I’m focusing on CrowdStrike Falcon for this article but it’s worth noting that generally speaking, vendors in the AV and EDR space are judged very harshly for their false positive to true positive ratio. Nobody wants another noisy security tool so CrowdStrike has made extensive efforts to ensure that their detections are accurate and enforceable. Unfortunately, this tendency to be quiet until it’s time to drop the hammer can be as detrimental as it is beneficial. The remainder or this post will highlight the detrimental side.
I spent several days testing various post-exploitation tools and techniques on a system running CrowdStrike’s Falcon Prevent product with the aim of demonstrating the value of combining an EDR solution with our SOAR+ security automation platform. I found that it is quite possible to “live off the land” so to speak and avoid triggering excessive detections from CrowdStrike. Before I go on, let’s do some housekeeping:
- Post-exploitation implies that local admin privileges have already been obtained. At this stage, an attacker is usually trying to persist in the environment and capture credentials so that they can move laterally and expand their access. This might sound like an unfair test since I’ve skipped past the initial compromise phase. If you assume that eventually, local admin privileges will be obtained by someone that shouldn’t have them, you better have a strategy in place to handle it.
- “Live off the land,” means leveraging tools that are already in place on the system to access and move information. It’s difficult for EDR vendors to alert on such activities without seeing a significant spike in their false positive rate.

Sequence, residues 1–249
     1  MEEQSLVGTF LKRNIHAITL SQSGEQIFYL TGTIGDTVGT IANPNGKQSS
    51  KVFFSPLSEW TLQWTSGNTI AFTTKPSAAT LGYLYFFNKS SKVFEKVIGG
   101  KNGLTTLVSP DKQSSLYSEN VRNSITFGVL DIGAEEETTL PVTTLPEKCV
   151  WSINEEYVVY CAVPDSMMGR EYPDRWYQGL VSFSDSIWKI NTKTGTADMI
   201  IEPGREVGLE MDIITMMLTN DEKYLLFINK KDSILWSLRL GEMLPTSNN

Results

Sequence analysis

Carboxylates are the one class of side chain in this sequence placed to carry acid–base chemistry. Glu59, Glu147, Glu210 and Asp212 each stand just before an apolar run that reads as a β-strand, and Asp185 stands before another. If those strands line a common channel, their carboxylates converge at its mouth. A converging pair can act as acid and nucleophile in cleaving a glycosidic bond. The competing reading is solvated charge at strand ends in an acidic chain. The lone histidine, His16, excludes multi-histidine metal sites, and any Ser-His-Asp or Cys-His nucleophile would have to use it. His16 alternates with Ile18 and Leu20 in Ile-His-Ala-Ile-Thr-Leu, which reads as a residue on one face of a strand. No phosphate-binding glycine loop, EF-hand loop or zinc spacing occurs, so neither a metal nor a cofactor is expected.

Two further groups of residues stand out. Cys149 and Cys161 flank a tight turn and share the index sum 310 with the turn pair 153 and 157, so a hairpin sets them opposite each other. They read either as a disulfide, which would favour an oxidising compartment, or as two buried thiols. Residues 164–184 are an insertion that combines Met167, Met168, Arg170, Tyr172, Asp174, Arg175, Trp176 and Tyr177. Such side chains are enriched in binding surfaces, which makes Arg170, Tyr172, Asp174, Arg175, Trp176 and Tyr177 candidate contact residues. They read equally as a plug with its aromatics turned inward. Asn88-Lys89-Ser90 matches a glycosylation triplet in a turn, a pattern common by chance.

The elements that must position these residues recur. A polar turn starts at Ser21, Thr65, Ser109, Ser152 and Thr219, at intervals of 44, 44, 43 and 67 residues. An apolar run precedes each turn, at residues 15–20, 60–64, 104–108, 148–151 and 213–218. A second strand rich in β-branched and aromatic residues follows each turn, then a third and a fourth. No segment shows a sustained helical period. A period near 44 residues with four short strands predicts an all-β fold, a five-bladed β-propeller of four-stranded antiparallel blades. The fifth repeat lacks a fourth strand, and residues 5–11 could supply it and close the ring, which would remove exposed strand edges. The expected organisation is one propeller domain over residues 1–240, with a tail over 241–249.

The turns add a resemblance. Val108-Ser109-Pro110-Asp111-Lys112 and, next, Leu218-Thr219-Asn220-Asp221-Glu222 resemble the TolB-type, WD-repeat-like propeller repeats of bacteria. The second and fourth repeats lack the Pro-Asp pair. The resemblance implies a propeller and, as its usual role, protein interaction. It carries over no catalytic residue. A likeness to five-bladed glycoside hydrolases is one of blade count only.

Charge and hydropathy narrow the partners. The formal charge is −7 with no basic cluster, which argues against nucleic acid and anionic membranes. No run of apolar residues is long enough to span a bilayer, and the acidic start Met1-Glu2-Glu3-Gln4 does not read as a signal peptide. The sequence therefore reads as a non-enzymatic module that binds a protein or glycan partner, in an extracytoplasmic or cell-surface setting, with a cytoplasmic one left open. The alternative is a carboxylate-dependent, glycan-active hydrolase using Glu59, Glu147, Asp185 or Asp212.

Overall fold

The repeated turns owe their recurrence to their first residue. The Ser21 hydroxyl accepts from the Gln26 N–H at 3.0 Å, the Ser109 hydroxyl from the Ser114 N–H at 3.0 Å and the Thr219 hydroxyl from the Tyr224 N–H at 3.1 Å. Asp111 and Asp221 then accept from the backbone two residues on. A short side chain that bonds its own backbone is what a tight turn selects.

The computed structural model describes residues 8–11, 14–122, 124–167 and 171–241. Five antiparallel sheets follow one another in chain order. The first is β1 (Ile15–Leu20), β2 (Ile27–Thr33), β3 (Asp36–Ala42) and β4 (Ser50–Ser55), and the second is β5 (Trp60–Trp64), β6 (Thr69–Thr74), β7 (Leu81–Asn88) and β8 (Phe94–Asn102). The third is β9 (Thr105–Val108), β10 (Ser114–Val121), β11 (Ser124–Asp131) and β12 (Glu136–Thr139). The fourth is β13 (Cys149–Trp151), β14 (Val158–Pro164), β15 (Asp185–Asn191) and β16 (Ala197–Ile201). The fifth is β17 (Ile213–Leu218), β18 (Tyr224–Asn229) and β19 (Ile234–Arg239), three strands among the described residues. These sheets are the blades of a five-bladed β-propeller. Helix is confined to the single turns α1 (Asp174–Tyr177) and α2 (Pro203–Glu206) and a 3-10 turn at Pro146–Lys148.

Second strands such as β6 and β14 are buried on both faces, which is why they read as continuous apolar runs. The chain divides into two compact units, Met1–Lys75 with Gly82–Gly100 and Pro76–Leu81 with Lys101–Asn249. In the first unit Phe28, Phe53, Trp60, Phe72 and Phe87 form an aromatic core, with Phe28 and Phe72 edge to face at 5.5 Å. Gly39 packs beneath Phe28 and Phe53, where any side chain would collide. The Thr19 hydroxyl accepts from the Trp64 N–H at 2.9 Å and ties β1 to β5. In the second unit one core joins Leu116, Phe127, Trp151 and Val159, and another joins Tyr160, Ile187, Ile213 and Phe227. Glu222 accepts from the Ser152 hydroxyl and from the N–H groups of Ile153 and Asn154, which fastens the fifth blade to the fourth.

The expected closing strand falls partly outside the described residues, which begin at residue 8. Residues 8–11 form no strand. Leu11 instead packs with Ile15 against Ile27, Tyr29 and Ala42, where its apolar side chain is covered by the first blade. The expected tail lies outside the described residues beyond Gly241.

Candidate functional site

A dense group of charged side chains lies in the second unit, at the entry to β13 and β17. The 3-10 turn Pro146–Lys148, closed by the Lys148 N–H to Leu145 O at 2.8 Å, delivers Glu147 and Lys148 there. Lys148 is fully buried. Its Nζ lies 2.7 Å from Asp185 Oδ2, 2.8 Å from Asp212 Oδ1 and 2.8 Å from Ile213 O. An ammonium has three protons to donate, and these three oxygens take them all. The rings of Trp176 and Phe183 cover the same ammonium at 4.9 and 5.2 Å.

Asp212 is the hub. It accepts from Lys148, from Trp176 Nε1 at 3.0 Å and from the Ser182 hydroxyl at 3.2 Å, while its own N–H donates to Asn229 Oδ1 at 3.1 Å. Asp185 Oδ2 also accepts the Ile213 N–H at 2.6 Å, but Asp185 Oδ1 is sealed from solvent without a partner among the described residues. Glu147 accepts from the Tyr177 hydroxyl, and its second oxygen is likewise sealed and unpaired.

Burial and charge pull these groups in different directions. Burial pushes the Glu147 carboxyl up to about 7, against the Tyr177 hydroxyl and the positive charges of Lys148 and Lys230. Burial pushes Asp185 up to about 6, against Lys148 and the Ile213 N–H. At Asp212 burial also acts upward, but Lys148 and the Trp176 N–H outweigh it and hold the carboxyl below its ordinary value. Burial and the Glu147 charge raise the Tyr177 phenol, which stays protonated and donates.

Fortunately, we have two things working in our favor:
- A smart attacker will not try to kill off the EDR Sensor because doing so would alert us to their presence.
- Even if an attacker is trying to be as silent as possible, they’re still extremely likely to do something that triggers a detection.
I saw this first hand as I attempted various well known methods for extracting credentials from memory on my compromised host. In this example, I used a modified and obfuscated version of the well known invoke-mimikatz.ps1 utility. It was promptly blocked despite my attempts to mask the true nature of the script.
I tried several other obfuscated scripts that dump memory for the lsass.exe process (which holds Windows credentials in memory) but all of those efforts met a similar fate as the attempt above. This was the moment in my testing when I recalled the significance of Sun Tzu’s proverb - time to get creative.
I won’t go as far as providing the specific commands/scripts used but I will outline the basic concept. For starters, dumping credentials from memory might be the most obvious (and possibly overutilized) method for obtaining passwords in a Windows environment but it’s certainly not the only option. So here’s what I did instead:
- Download and execute a powershell based keylogger. Now, my first attempt at this failed because I tried to download the keylogger script and execute it in memory without writing it to disk. This is a common tactic employed by attackers so CrowdStrike blocked it:
- To work around this, I downloaded the same powershell based keylogger script and wrote it to disk and then executed it. This time, it worked. I was surprised to find that the keylogger script in of itself is not assumed to be suspicious so score one for ingenuity.